The three confessions are sung in increasingly louder volume, just like Kol Nidre. So the confession on behalf of the people is the one that is sung in the loudest, most urgent tone. That’s a good thought for us – it would be human tendency for us to sing the loudest for our own wellbeing, as in the High Priest’s first confessional, and perhaps run out of steam by the time we paid attention to the community’s needs, his THIRD confession. Take a moment now to think about how you can be louder about your community’s needs and quieter about your own.
The High Priest has this important role, but nobody voted for him. In fact, he could be quite the ignoramus. The Mishna in Yoma discusses just what the sages of his time did to support the High Priest. If the high priest was wise, the elders trained him all night in the laws of his Avodah service, but if he was an ignoramus, they told him parables about kings and prophets. In either case, the elders still respected his role. Take a moment to think about whether YOU are able to recognize the spiritual gifts of many varieties of minds.
A statistician considers Avodah: My final observation about the Avodah service is the part that grabs me the most. I am always intrigued by the use of lots to determine the outcomes for the two goats. I think that’s because I’ve been trained as a statistician, and now I teach AP Statistics. One goat will be slaughtered and one will be sent into the wilderness (and in later rabbinic imagination, pushed off the cliff), and those outcomes are determined randomly, by chance.
Earlier this summer, I pulled out my folder of service notes from two decades of leading Fabrangen Hi Ho services. I was looking for something I had done once in a Musaf service, long ago. The page of my service notes was printed on the back of some notes from a statistics class I was teaching at the time. On it was written the following definition:
Random Process: We call a phenomenon ‘random’ if individual outcomes are uncertain, but there is nonetheless, a regular distribution of outcomes within the population.
That kind of describes the experience of the goats. You draw lots for two goats. You know that one will be sacrificed for the sins of the people, and one will be sent into the wilderness. But in advance, you couldn’t predict the outcome for any one particular goat. That fits my definition of random process.
Here’s another example about the distribution of outcomes in a population and the uncertainty of individual outcomes: You live in a community of Jews, with some assembled somewhere together for Yom Kippur, and some not. We know, from our reading of Unetanah Tokef, that we will have different outcomes this year, among us. Some will live, some will die. Some will be healthy, some ill. Some will be enriched, some will bear a burden. We figure that in the population of Jews, those will be the outcomes. But in advance, you couldn’t predict the outcome for any one of us.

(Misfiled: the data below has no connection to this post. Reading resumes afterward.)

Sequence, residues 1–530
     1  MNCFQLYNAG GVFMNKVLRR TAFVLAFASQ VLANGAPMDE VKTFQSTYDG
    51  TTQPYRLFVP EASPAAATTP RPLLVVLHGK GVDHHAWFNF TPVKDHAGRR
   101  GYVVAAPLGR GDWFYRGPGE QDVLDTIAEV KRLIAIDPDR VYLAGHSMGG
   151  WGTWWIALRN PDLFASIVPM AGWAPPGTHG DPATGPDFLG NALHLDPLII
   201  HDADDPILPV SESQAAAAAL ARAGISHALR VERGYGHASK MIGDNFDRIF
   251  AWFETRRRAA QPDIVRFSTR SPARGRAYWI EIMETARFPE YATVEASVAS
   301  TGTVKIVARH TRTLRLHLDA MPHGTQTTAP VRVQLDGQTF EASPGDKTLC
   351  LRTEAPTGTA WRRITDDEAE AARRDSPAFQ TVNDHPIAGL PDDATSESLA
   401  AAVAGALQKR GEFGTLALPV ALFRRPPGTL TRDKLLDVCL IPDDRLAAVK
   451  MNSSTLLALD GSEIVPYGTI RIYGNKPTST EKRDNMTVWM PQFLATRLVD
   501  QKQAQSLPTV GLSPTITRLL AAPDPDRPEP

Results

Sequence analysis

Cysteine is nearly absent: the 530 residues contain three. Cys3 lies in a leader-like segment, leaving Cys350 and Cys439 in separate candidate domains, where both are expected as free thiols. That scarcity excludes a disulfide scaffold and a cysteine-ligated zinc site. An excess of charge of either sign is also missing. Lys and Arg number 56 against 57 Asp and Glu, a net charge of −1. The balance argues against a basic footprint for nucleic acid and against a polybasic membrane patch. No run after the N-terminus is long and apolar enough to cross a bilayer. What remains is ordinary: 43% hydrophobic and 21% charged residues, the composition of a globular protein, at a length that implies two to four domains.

Whether God knows the outcome for any one Jew is a big controversy in our engagement with High Holiday liturgy. That’s one reason why unetana tokef, for example, is so difficult to engage with. Suffice to say that for me, randomness seems to explain a lot both in my professional life and in my theology.
So now I want to think about the random outcomes of the Avodah ritual from the goats’ perspective.
One goat is going to pay a heavy price – it will be sacrificed, and its blood flung on the altar. Sometimes we feel that way and we see it in human outcomes around the world. Through no fault of our own, we ‘pick up the tab’ for other people’s mistakes, for their negligence, laziness, ill-intent, and warmongering. A soldier might have this experience.
The second goat is also burdened with the legacy of the people’s sins, laid on its shoulders by the High Priest. When we are like that that goat, we need to make our way in a sometimes unfamiliar, hostile wilderness, and we’re stuck with the consequences of other people’s mistakes, along with our own. Sometimes those mistakes represent legacy from history that we did not animate, but we nevertheless inherited. Some of those mistakes came from others close to us, and they need us now to be strong and share the burden. Some of those mistakes came to us because of our own mishaps and deeds, and even though Aaron or we confess them, those mistakes are learned from, but not erased.
Think, now, about an outcome you’ve experienced that came to you through no fault of your own, and has seemingly been randomly dropped on your shoulder. Perhaps it is a personal struggle with disease; perhaps it is the murky mess of some family matter; perhaps it is national political decision-making that has unhappily filtered down to your life. Take a moment to ponder: how will you wander through the wilderness with this random burden, fair or not, placed on you?
Now let’s sing selections of the Avodah service.